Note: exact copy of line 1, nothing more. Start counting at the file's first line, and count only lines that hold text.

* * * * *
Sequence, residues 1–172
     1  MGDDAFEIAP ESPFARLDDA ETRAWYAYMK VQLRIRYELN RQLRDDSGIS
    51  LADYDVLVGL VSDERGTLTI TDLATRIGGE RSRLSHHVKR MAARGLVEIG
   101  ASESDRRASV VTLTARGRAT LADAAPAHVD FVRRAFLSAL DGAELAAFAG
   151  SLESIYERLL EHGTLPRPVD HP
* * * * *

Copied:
Sequence, residues 1–172